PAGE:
Gross mismanagement cripples African airlines

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  • Mismanagement affects African Airlines
  • SA government seeks to rescue SAA
  • Air Zim receives new aircraft today
  • Ethiopian Airlines to build US$5 billion airport

2019 goes down in history as a rough year for the global aviation industry. More than 20 airlines closed up shop across the world, with financing woes being a common factor in the cases. Between rising fuel and labour prices, fierce competition and an oversupply of seats, smaller airlines felt the pinch while bigger brands were forced to re-strategize.

In addition to these challenges, on the continent, airline mismanagement is at the core of most national carriers’ isues. The majority of long-haul capacity to/from the African continent is served by non-African carriers. This market is saturated, yet we see African national airlines attempt to serve such routes and ultimately fail to make a profit.

The South African government said in a statement on Sunday evening that it was working with National Treasury to raise US$140 million to contribute to SA Airways (SAA), as part of its commitment to the airline’s business rescue process. The Struggling state-owned airline made a $367 million loss in the year to the end of March 2018, while its liabilities exceeded assets by around US$900 million as of March 2018.

Ultimately, amidst the network difficulties and strategic missteps, the crux of the issue crippling South African Airways is relatively simple: rising costs, debt, and revenues failing to match. Expressively, since 2017, the airline has opted to stop releasing annual statements; a year in which net losses quadrupled.

In August, Kenya’s national carrier, Kenya Airways posted record losses. Critics accuse the company of financial mismanagement as it struggles to deal with pilot shortages and an industrial dispute. Its pre-tax loss for the six months ended 30 June rose to KSh8.56 billion ($82.8 million) from KSh3.9 billion in the same period of 2018. This is despite expanding capacity to New York and several locations in East Africa.

Kenya Airways has struggled to turn a profit while burdened by a $220 million debt pile. Earlier in 2019, the Kenyan government voted in favour of nationalizing the airline as part of a rescue operation and is now in the process of buying out minority shareholders. The airline is currently 48.9% owned by the government of Kenya, while 35.7% is in the hands of the KQ Lenders Company and 13.7% is held by KLM.

Nigeria’s national airline, Nigeria Airways ceased operations in 2003 plagued by mismanagement, a poor safety record, corruption, and overstaffing.  At the time of closure, the airline had debts totaling US$528,000,000 (equivalent to $733,832,127 in 2019). Notably, start-up Nigerian airlines barely last 10 years due to a multitude of factors that contribute to their collapse within a short period, but chief among these factors is lack of corporate governance, and failure to compete with international operators in the domestic market.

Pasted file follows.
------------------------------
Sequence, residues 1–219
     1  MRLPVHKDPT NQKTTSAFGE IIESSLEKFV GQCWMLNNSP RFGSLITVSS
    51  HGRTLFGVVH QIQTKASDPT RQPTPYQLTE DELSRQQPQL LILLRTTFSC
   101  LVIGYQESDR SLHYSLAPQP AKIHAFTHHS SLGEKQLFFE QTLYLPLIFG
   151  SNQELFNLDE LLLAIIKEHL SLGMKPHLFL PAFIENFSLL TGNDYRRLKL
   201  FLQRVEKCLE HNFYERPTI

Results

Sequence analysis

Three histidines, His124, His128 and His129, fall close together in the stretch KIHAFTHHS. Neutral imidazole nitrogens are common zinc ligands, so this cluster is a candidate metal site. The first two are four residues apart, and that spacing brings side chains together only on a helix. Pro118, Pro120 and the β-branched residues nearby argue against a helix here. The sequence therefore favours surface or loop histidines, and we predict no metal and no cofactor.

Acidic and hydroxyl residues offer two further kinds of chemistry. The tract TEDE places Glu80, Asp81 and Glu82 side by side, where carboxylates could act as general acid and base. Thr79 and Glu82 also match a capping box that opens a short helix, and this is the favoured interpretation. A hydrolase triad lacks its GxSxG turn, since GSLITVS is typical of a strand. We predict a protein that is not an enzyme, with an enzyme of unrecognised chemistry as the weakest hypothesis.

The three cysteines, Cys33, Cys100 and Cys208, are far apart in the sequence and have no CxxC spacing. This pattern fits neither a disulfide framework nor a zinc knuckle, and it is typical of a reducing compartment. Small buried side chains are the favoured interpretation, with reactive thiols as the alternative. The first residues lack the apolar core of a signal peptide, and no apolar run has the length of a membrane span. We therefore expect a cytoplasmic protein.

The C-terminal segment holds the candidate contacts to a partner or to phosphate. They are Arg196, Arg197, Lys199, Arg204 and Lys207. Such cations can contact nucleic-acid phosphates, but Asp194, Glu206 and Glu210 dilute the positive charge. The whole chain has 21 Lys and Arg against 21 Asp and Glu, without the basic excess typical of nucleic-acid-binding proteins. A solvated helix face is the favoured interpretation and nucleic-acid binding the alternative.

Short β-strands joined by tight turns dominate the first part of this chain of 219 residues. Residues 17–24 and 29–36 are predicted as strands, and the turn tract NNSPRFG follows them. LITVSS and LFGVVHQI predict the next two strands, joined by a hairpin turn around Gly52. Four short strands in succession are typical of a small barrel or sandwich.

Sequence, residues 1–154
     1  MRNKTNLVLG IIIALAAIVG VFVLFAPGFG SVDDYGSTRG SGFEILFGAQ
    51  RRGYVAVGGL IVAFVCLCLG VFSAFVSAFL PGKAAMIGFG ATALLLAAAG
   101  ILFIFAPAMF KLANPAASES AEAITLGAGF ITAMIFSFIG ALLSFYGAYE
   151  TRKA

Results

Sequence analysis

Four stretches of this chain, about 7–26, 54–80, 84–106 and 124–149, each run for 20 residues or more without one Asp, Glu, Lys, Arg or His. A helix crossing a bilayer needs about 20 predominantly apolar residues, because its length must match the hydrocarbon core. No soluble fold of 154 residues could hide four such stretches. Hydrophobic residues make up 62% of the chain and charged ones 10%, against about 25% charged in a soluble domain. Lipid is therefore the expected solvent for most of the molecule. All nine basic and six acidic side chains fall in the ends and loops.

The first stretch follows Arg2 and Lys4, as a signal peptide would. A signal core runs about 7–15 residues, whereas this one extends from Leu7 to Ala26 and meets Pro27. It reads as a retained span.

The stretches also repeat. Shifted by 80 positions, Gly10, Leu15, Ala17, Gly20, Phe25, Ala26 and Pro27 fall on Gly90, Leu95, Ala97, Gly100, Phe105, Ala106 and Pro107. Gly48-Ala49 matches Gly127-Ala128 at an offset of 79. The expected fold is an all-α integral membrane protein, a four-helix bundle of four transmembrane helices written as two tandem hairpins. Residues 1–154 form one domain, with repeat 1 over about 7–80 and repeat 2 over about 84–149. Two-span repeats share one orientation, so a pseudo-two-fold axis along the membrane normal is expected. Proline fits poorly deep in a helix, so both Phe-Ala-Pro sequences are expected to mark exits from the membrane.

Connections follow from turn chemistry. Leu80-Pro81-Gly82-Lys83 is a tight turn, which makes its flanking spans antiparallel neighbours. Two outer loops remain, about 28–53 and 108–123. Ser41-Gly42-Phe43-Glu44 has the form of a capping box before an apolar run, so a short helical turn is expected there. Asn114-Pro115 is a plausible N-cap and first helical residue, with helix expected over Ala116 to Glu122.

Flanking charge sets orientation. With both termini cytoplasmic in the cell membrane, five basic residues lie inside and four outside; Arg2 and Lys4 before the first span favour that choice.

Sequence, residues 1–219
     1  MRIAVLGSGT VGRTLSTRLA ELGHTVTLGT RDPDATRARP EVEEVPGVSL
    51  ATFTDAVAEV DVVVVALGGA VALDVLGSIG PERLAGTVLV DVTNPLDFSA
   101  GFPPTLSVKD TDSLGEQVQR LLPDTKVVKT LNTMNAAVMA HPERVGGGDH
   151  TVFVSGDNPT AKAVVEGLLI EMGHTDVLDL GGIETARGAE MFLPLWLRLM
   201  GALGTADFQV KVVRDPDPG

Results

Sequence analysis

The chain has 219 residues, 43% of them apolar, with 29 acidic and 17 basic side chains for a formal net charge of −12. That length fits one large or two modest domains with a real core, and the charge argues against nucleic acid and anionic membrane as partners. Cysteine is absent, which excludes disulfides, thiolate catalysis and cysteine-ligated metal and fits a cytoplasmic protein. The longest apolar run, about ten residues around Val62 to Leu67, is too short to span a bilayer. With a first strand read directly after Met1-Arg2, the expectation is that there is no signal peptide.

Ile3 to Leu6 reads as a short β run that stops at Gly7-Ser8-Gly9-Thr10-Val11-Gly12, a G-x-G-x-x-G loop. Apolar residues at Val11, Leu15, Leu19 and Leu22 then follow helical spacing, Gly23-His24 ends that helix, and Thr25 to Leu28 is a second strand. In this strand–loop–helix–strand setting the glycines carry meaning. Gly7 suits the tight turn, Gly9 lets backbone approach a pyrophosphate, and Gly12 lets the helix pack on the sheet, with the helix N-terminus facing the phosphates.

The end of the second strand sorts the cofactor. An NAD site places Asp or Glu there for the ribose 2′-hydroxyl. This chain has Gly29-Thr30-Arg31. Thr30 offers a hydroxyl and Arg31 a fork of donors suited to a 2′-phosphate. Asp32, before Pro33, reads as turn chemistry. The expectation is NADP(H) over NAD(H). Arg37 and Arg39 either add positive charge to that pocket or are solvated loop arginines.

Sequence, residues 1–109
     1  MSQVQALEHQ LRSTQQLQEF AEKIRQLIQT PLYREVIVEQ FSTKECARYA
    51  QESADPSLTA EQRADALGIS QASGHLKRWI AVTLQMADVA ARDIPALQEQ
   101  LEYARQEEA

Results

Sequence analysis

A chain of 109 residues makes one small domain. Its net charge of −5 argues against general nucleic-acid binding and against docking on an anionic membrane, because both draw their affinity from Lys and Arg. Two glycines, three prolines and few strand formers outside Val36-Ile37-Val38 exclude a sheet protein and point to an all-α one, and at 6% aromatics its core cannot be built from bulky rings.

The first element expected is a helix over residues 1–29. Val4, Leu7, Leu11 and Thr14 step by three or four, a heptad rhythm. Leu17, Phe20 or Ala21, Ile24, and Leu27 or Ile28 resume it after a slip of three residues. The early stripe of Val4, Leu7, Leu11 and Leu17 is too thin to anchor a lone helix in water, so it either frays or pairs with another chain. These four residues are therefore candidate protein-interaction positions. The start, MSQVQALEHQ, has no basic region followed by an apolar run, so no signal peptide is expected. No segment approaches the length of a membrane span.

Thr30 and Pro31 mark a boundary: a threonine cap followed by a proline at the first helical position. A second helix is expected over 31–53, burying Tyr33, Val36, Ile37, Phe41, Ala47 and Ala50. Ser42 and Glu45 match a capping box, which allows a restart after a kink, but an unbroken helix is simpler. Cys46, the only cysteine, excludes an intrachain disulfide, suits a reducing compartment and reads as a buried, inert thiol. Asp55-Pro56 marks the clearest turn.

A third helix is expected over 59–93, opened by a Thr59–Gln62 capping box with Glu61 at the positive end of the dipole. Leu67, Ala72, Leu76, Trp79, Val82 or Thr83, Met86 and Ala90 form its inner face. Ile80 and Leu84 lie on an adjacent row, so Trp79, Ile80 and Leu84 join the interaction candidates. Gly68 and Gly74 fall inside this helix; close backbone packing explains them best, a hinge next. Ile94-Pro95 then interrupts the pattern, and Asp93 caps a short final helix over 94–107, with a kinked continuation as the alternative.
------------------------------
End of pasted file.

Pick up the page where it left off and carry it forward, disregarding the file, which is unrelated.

Air Zimbabwe is no exception having posted perennial losses estimated to be in aggregate of over US$300 million over the past decade. Air Zimbabwe, which owes foreign and domestic creditors more than US$380m, was in October 2018 placed under administration to try to revive its fortunes. (Air Zim has not been tabling its financial statements before Parliament, a violation of the Public Finance Management Act).

Amid claims by the government of intentions to privatize Air Zim, late last year, Air Zim management informed the media that 3 investor bids had come through for recapitalization of the embattled airline. With a new aircraft having come in today, celebrated by the presidium, and several cabinet ministers, these questions remain; does government have the will power to deal with the cancer of corruption and mismanagement that has cankered at AirZim’s progress, is government ready not to meddle with the affairs of the firm and give room to privatization and real development of the entity, and is government ready to be transparent with the operations of the airline?

Proving to be a beacon, is Africa’s biggest airline by fleet size and the most profitable; Ethiopian Airlines which posted a net profit of $260 million in the 2018/19 financial year, up from $207.2 million a year earlier, with plans to build a $5 billion airport south of Addis Ababa. In 2018 it launched four-times-weekly flights to Addis Ababa from Manchester, boasting of a fleet of 116 aircraft and is looking to compete with Middle Eastern carriers such as Qatar Airways and Emirates, which provide numerous direct links between Asia and Africa.

In North Africa, EgyptAir’s fortunes are tied inexorably to those of its home nation. That has translated to heavy losses and weak demand in recent years as the country was buffeted by successive waves of political and security unrest. However, EgyptAir’s net profit hit US$60 million in the first six months of the 2018/2019 fiscal year; the first in ten years. This came on the back of bold initiatives in the corporate governance and operations of the airline in recent years. On the table are plans to double the fleet and improve their customer service centre.

Meanwhile, though due to a different narrative, European airlines are struggling too! Since the beginning of September, four European airlines ceased trading, three in the first week of October alone. Two of these airlines were over 50 years old, demonstrating that it’s not just the newcomers who are struggling. One of the biggest names in travel, Thomas Cook’s demise marked the end of more than 150 years of package tour success. Of course, these are not the only casualties of the currently volatile European market. 2017 saw the collapse of Monarch, Air Berlin and Alitalia, who were joined by Cobalt and Primera in 2018.

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